2021
DOI: 10.3389/fmars.2021.769908
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Intensive Commercialization of Endangered Sharks and Rays (Elasmobranchii) Along the Coastal Amazon as Revealed by DNA Barcode

Abstract: Elasmobranchs represent a well-defined group, composed of about 1,150 species inhabiting diverse aquatic environments. Currently, several of these species have been classified as threaten due to overexploitation. Therefore, we used DNA barcode to identify traded species of sharks and stingrays in the municipality of Bragança (Amazon coastal region), a major fishery landing site in northern Brazil. We collected a total of 127 samples labeled into 24 commercial nomenclatures over 1-year period. Twenty species we… Show more

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Cited by 6 publications
(4 citation statements)
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“…The use of molecular genetics as a tool in forensics and for the certification of commercial products has proven to be highly efficient in solving fraud cases or substituting seafood products [ 7 , 53 ]. For instance, several reports based on genetic data of commercialized fish products have identified endangered species [ 7 , 54 ], providing helpful information about the illegal trade of species threatened with extinction [ 55 ].…”
Section: Discussionmentioning
confidence: 99%
“…The use of molecular genetics as a tool in forensics and for the certification of commercial products has proven to be highly efficient in solving fraud cases or substituting seafood products [ 7 , 53 ]. For instance, several reports based on genetic data of commercialized fish products have identified endangered species [ 7 , 54 ], providing helpful information about the illegal trade of species threatened with extinction [ 55 ].…”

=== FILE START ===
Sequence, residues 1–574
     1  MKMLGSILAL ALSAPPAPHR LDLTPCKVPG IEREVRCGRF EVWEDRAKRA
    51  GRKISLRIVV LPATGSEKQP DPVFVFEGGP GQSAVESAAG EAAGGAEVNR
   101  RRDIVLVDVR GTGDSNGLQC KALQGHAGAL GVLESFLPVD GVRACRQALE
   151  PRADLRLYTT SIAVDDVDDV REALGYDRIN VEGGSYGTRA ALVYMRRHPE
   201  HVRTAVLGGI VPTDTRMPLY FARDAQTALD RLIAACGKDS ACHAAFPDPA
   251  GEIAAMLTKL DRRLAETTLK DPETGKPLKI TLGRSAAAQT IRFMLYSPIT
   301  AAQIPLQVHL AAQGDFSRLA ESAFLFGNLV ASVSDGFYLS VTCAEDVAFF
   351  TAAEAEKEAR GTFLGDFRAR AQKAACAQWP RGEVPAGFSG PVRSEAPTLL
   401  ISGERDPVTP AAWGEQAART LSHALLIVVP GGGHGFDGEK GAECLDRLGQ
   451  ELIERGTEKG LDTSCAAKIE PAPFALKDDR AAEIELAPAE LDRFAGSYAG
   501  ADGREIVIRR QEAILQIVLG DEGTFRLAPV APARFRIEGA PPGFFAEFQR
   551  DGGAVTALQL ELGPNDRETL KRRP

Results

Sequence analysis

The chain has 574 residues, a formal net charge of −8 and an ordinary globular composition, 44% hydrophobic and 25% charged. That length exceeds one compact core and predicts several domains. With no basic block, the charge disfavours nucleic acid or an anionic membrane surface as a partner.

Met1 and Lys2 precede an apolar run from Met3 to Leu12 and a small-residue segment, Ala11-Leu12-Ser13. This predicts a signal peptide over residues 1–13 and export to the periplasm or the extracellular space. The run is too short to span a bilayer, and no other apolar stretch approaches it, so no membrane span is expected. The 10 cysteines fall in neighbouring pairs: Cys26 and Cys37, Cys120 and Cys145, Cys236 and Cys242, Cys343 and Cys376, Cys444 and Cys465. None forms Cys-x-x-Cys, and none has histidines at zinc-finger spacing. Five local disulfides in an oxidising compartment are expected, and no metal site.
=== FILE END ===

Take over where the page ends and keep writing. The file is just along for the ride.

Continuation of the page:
Section: Discussionmentioning
confidence: 99%
“…In an analysis of sharks sold in the fish market in Braganca, an important fishing port in Parástate, Martins et al (2021) identified 11 taxa of the orders Orectolobiformes and Carcharhiniformes, of which, eight are classified as endangered. Clearly, then, the generic classification of catches by their vernacular names does not reflect the true diversity of the impacted fauna, and limit the more effective analysis of the dynamics of existing stocks and their response to fishing pressure, whether targeted specifically or indirectly, as bycatch (Davidson et al, 2016).…”
Section: Discussionmentioning
confidence: 99%
“…Since then, continuous efforts have been made to monitor this practice throughout the Brazilian territory. Through DNA barcoding, the labeling of threatened elasmobranchs as cação (i.e., the common name used in Brazil to describe any commercially caught shark and, in some cases, rays) or other related terms have been identified in southern (Staffen et al 2017; Almerón‐Souza et al 2018; Bernardo et al 2020; Cruz et al 2021), northeastern (Feitosa et al 2018; Martins et al 2021), and northern (Palmeira et al 2013) Brazil. Furthermore, the sale of teleost fish with lesser commercial value labeled as cação was also reported, mainly due to the growing domestic demand for elasmobranch products (Calegari et al 2019).…”
Section: Fish Mislabeling: a Global Issuementioning
confidence: 99%